Posts Tagged interprofessional education
No matter what we do or where we work we get feedback on our actions and behaviour. In (medical) education the feedback can make the difference between a successful career and failure to achieve our goals.
So this week we will share thoughts about feedback. What works well. What does not work well. And how we learn the difference.
I found three helpful links. One above from University of Edinburgh. The second is a slideshow from University of Texas Paediatric department on Feedback and evaluation in medicine delivered in 2012. 2012-03-02 Providing and Receiving Feedback in Medicine (Glen Medellin, MD, Jean Petershack, MD)
Another lively #meded UK/EU time zone chat this week on interprofessional education (IPE). Good again to see some new people joining the chat and to have contributions from nursing and pharmacy. There was a bit of a feeling that tribalism can stand in the way of effective IPE and some got very little out of it as a result of this. Some also thought that IPE was more effective at postgraduate level than undergraduate. Not everyone remembered having IPE as an undergraduate, those that had tended to enjoy it but hadn’t found it particularly useful. Generally the feeling was that IPE was most successful when used in simulation settings.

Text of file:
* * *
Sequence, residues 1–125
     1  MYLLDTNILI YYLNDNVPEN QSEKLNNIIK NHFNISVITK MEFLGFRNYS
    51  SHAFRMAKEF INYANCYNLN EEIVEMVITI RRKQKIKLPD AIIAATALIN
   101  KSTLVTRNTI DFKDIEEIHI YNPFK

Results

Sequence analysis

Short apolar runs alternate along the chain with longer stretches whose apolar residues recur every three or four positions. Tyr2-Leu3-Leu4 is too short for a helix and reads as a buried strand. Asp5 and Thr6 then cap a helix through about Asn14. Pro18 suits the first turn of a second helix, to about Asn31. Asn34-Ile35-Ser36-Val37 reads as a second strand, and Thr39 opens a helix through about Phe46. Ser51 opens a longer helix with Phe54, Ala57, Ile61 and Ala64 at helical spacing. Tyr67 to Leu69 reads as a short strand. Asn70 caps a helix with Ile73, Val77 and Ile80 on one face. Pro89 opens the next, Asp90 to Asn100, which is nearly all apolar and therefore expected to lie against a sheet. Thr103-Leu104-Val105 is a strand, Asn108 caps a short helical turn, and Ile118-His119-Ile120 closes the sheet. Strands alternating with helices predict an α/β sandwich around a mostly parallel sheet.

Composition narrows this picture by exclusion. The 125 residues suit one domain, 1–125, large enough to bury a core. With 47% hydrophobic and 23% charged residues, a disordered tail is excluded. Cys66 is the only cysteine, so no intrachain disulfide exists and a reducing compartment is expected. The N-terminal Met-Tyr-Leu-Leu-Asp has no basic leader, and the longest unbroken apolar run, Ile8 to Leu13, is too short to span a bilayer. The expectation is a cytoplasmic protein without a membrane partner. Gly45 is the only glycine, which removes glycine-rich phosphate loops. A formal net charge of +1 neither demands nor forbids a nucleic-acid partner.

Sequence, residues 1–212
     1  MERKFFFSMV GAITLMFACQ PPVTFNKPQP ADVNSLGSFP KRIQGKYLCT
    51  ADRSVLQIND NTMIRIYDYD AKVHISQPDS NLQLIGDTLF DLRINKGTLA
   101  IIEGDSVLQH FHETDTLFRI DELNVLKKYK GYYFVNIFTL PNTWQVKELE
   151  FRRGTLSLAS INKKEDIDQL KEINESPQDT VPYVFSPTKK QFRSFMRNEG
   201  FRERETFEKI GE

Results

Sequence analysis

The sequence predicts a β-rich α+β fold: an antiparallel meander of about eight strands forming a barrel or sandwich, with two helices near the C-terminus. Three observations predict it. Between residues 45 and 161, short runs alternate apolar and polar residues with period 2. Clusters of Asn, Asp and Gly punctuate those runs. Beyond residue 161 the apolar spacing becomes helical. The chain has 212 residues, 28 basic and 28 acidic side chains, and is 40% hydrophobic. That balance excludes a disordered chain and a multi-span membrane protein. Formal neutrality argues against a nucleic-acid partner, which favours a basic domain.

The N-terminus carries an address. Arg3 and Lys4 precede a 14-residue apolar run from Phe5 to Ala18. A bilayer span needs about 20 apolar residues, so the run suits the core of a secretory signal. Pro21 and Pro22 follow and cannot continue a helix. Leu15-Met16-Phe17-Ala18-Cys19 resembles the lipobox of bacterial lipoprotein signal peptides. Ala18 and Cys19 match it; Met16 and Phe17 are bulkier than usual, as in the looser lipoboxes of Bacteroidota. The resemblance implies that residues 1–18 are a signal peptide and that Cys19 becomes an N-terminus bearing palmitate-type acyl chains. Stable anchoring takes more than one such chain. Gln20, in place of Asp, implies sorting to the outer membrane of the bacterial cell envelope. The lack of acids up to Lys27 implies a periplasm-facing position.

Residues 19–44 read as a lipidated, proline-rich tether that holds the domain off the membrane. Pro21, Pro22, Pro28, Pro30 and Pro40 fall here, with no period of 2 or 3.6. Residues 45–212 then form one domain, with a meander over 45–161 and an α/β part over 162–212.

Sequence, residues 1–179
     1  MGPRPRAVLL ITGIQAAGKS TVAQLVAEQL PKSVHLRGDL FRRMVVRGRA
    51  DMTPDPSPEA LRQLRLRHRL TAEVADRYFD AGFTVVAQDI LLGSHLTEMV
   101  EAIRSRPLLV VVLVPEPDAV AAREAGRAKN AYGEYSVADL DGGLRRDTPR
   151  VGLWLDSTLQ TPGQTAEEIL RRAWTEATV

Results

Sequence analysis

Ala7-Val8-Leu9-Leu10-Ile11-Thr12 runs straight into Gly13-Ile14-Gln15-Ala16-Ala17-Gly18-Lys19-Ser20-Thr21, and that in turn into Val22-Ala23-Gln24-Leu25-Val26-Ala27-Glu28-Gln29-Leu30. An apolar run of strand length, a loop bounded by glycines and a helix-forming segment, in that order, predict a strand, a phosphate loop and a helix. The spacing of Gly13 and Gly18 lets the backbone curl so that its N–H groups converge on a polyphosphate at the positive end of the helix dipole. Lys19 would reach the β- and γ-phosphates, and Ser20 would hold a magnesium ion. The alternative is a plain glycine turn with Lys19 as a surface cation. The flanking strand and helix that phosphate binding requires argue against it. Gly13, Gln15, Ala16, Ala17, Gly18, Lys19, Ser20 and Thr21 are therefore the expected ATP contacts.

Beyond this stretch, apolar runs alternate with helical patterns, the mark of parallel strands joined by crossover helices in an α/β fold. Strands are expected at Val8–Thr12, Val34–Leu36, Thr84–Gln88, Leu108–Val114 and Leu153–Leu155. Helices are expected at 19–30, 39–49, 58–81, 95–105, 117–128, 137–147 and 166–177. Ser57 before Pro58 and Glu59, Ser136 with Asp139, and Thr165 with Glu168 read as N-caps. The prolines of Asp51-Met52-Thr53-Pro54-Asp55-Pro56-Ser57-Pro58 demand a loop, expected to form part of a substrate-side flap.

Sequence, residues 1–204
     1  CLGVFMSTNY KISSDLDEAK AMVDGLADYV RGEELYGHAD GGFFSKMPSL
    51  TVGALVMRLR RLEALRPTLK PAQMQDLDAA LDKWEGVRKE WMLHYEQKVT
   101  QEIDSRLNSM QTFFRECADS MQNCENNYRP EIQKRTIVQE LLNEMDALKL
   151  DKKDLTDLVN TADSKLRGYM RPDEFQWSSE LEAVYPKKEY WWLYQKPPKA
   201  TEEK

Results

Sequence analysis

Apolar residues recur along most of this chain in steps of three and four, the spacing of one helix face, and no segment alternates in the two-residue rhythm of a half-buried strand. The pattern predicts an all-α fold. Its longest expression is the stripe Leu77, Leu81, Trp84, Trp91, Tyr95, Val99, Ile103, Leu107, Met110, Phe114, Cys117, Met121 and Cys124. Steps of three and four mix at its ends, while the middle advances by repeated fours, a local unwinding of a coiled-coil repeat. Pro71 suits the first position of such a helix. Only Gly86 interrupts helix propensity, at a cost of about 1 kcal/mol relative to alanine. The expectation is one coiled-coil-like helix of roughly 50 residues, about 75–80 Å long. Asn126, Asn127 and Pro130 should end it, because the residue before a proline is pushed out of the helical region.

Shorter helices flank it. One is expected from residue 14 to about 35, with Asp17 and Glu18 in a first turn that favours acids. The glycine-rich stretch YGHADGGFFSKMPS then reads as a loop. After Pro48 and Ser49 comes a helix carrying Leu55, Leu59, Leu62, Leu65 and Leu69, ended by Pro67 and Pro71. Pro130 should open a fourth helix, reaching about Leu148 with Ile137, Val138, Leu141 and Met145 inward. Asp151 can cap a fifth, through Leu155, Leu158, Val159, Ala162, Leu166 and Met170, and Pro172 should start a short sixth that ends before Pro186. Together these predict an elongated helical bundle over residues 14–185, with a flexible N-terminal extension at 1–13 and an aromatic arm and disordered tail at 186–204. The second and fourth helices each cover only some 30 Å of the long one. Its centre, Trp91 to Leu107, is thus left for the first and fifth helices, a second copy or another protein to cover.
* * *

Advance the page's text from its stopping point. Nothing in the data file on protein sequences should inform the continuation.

@DrPlumEu has provided some helpful links on IPE which you might find interesting:
A literature review on IPE by Jill Thistethwaite & Monica Moran,Learning outcomes for interprofessional education (IPE): Literature review and synthesis
London Deanery – resources on IPE and medical education generally
Thanks to everyone for contributing to the chat. Next week we’ll be chatting about portfolios and competency.